A total of 71 extracellular proteins were found to differ in their abundance in cAMP-treated vs. non-treated cultures (Table 1). Fifty-six secreted proteins were induced by cAMP (Figure 1C, left). Of them, 40% (22 proteins) were components of the extracellular matrix (ECM) and 13% (7 proteins) were matricellular proteins (non-structural proteins that are present in the ECM and play regulatory roles). Among the remaining up-regulated secreted proteins, seven were extracellular enzymes, six were adipokines, and four corresponded to components of the complement system. Finally, we observed up-regulation of 10 varied proteins, including cytokines, transporters, and proteins of unknown function. Notably, fewer secreted proteins were down-regulated by cAMP (Figure 1C, right). Of these 15 proteins, five were extracellular enzymes, three were ECM-related, one was an adipokine, and six formed a heterogeneous group of proteins with multiple or unknown functions.
Table 1. List of secreted proteins found to be up-regulated (A) or down-regulated (B) upon cAMP treatment of brown adipocytes, categorized by their functions.
To ascertain whether secreted proteins underwent transcriptional regulation in response to cAMP, we measured the transcript levels of selected components of the distinct groups of differentially secreted proteins. We found that secreted proteins that were up-regulated by cAMP did not show a systematic relationship with transcript expression (Figure 1D). Among the ECM-related genes, the three tested collagen gene transcripts (Col1a1, Col4a1, and Col4a2) failed to show cAMP-induced up-regulation; indeed Col1a1 was down-regulated. In contrast, the transcript level of Lamb1 was increased by cAMP, consistently with the up-regulation of secreted laminin-β1 protein in cAMP-treated cultures. With respect to extracellular enzymes, the transcript levels of Xdh and Ppia were increased in response to cAMP, as observed for the corresponding secreted proteins. The analyzed adipokine-encoding gene transcripts varied: Fabp4 was up-regulated, Adipoq was down-regulated, and Rbp4 was unchanged. Varied changes were also observed for the transcripts encoding some of the other cAMP-induced secreted proteins: cAMP increased the transcript level of Grn (granulins), but decreased that of Orm1 (orosomucoid). Among the transcripts encoding for secreted proteins whose abundance was reduced by cAMP treatment, we found a more consistent pattern: the transcript levels of Efemp1, Lpl, Lbp, and B2m were all significantly down-regulated in response to cAMP (Figure 1E).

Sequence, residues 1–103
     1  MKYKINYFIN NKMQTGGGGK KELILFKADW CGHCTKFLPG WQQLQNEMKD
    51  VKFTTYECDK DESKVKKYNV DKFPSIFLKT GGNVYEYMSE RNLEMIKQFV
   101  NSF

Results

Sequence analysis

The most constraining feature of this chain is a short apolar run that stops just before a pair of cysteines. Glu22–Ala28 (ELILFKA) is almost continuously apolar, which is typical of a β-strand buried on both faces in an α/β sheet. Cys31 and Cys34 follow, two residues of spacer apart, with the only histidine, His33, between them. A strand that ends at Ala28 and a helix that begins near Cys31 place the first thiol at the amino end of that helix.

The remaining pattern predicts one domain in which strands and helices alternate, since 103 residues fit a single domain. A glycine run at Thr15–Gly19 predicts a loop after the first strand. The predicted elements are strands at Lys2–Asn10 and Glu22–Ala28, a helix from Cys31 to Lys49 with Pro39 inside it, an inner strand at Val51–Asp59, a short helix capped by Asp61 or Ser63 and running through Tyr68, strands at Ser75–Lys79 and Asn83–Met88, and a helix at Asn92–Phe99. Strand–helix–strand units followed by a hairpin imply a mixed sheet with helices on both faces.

Given the discordance between proteome-based detection of secreted proteins and the corresponding transcripts in some cases, levels of selected proteins from distinct functional groups were individually quantified. COL1A1, LAMB1, RBP4, and GRN proteins were confirmed to be up-regulated and LBP to be down-regulated by cAMP. However, adiponectin (ADIPOQ) and ORM1 were not confirmed to be up-regulated by cAMP, and results were more concordant with transcript changes (Figure 1F).
To our knowledge, this report describes the first direct assessment of the protein secretome of cultured brown adipocytes stimulated with cAMP, which triggers thermogenic activation. Thirteen of the proteins we detected with our iTRAQ-based method coincided with those identified by Hansen et al. (2014) using indirect signal sequence trap method to identify brown adipocyte-secreted proteins in response to norepinephrine (Table 1). They corresponded mainly to ECM-related factors (6) and the miscellaneous group of proteins (5). Moreover, a recent iTRAQ-based detection of proteins secreted early after induction of 3T3-L1 white adipocyte differentiation (Ojima et al., 2016) using isobutyl-methylxanthine (a phosphodiesterase inhibitor that raises intracellular cAMP) yielded results that were similar to our data. Matches were seen for 41% of the ECM-related proteins (12 of 29), 66% of the adipokines (4 of 6), and 60% of the “others” (6 of 10) (Table 1). This similarity between the two data sets may reflect the activation of common cAMP-dependent pathways in adipogenic cells.
A remarkable finding of our study is the strong representation (around 50%) of ECM-related components in the cAMP-induced secretome of brown adipocytes. A functional and flexible ECM is essential for healthy expansion of WAT (Sun et al., 2013). The thermogenic activation of BAT causes a tissue recruitment that involves hypertrophic and hyperplastic processes (Cannon and Nedergaard, 2004). The cAMP-induced secretion of ECM components, such as specific types of collagen and matricellular proteins, may be relevant to the remodeling of ECM under conditions of BAT expansion in response to thermogenic activation. Further research will be needed to explore this novel notion in BAT biology.